Millennials drive Change in Retail


2017 is the year Millennials overtake GenX; and it is a headache for retailers.

According to McKinsey Retail Report, it is going to be the year when Millennials will have more buying power than any generation ever. Almost 70% of them say they are influenced by friends’ social-media posts; 83% say they trust recommendations by friends and family.

Millennials increasingly discover products online before going out to shop.

68% research offers on-line before going shopping. Moreover, this generation spends more time on personal hand-held and wearable devices then any preceding one. “Who needs a computer if you’ve got phablet, iPad or Android smartphone?” You can read more on this here.

The need, then, is to create a seamless experience between on-screen and on-site shopping.

Fortunately, technology today offers several viable solutions:
  • Using smartphone for e-checkins, e-communication and e-engagement with shoppers and consumers, to blend the offline and online shopping experience. There are successful startups that offer such experience already.
  • Creating “virtu-real” formats to provide consumers with a more interactive retail experience, for example, through the use of virtual fitting rooms and augmented-reality zones. Burberry flagship store in London does exactly that.
Millennial consumers want to shop for experiences as well as products. They expect personalised interaction and offers. And through an App on the smartphone.
These changing shopping habits pose a real threat for traditional retailers and brands. However, as always, there are innovative ways to capitalise on these demographic trends. Startups like RLClub help business do it today… I suspect — this will become a new trend in marketing.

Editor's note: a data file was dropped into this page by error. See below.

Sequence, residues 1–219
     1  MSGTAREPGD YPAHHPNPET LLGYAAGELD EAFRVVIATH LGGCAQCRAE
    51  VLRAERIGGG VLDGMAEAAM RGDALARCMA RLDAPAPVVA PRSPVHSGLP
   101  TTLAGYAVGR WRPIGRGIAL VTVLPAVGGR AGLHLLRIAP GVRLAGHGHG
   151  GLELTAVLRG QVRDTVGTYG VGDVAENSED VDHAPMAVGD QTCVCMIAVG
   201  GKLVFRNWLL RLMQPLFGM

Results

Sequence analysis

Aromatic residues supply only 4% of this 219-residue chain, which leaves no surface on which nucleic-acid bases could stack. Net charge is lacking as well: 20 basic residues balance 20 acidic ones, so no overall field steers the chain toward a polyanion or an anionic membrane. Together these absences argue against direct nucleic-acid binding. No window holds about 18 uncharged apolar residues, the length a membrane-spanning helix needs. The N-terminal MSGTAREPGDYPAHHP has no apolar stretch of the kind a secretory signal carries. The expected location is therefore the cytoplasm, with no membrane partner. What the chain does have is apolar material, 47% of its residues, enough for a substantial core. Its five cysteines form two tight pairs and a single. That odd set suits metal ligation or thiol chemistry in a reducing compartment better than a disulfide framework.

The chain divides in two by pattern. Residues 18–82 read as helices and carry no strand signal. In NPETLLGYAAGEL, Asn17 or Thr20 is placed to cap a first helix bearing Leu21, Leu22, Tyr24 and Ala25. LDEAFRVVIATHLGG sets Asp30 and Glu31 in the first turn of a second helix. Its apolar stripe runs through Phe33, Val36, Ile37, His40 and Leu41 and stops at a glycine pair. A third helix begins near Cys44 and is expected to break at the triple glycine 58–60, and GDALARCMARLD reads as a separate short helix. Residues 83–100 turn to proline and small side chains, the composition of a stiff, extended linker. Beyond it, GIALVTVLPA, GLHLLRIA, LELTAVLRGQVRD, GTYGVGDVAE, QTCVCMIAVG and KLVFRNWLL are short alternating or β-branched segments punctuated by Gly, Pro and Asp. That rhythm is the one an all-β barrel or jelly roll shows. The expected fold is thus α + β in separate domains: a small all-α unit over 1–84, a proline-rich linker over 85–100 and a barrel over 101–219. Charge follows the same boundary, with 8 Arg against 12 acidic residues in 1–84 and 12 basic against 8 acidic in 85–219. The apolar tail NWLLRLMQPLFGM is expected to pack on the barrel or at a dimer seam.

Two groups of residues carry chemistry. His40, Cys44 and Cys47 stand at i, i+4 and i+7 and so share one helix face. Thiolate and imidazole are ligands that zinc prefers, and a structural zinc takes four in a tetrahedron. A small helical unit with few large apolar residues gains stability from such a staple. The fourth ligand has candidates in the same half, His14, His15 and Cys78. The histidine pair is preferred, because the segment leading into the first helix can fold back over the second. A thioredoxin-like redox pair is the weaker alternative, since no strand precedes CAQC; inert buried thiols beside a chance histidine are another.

New reality… #marketshift


The news consumption game has passed a new milestone – social media outstripped TV according to the report, published @BBC.  The article is actually about the implications for propaganda and political campaigns.

However, this shift clearly has implications for marketeers and sales teams too.

Of the 18-to-24-year-olds surveyed, 28% cited social media as their main news source, compared with 24% for TV.

My teenage children do not consume TV at all… 0% (have a look here). So, whoever is trying to send a message to them via the most creative and ubiquitous (but traditional) TV add will heat no one. Not a single viewing. Millennials are like that — they feed on their personal gizmos. And they expect personalized and relevant content — delivered to them, intended for them – for the individual, not a data point in a target segment…

Social networks and respective mobile Apps on iOS and Android devises offer precisely that. No surprise they outstrip TV. It is a result and reflection of the demographic shift and it will only become bigger every year. 92% of teens report going online daily — including 24% who say they go online “almost constantly,” according to a new study from Pew Research Center.

These people are future customers. Are you working hard to change the comms strategy and processes in your business and to capitalize on this trend? You better be.


Chasing the change

I remember the days, when being a sales rep I had to pop into the office every morning before taking off to my customers to get my call list for the day, file the visit report form previous day and check the deliveries. All on paper! We did not have mobile phones and did not use email to communicate with customers. Fax machine was the technological edge.

For the last 20-odd years one cannot imagine sales and marketing operation without a Route Optimization software, CRM, Content mass management and delivery systems, etc. The world of these solutions, however, is very different today from what it used to be a couple of decades ago.

Traditional way of building information technologies for sales and marketing – define your business strategy, map out your business process, buy/build a solution that suits your strategy and process. Repeat in 5-10 years. This does not hold water any longer.

The pace of market change has accelerated dramatically. We no longer talk years – in sales and marketing business definitions and processes change continuously. So should the solutions do too. Continue reading “Chasing the change”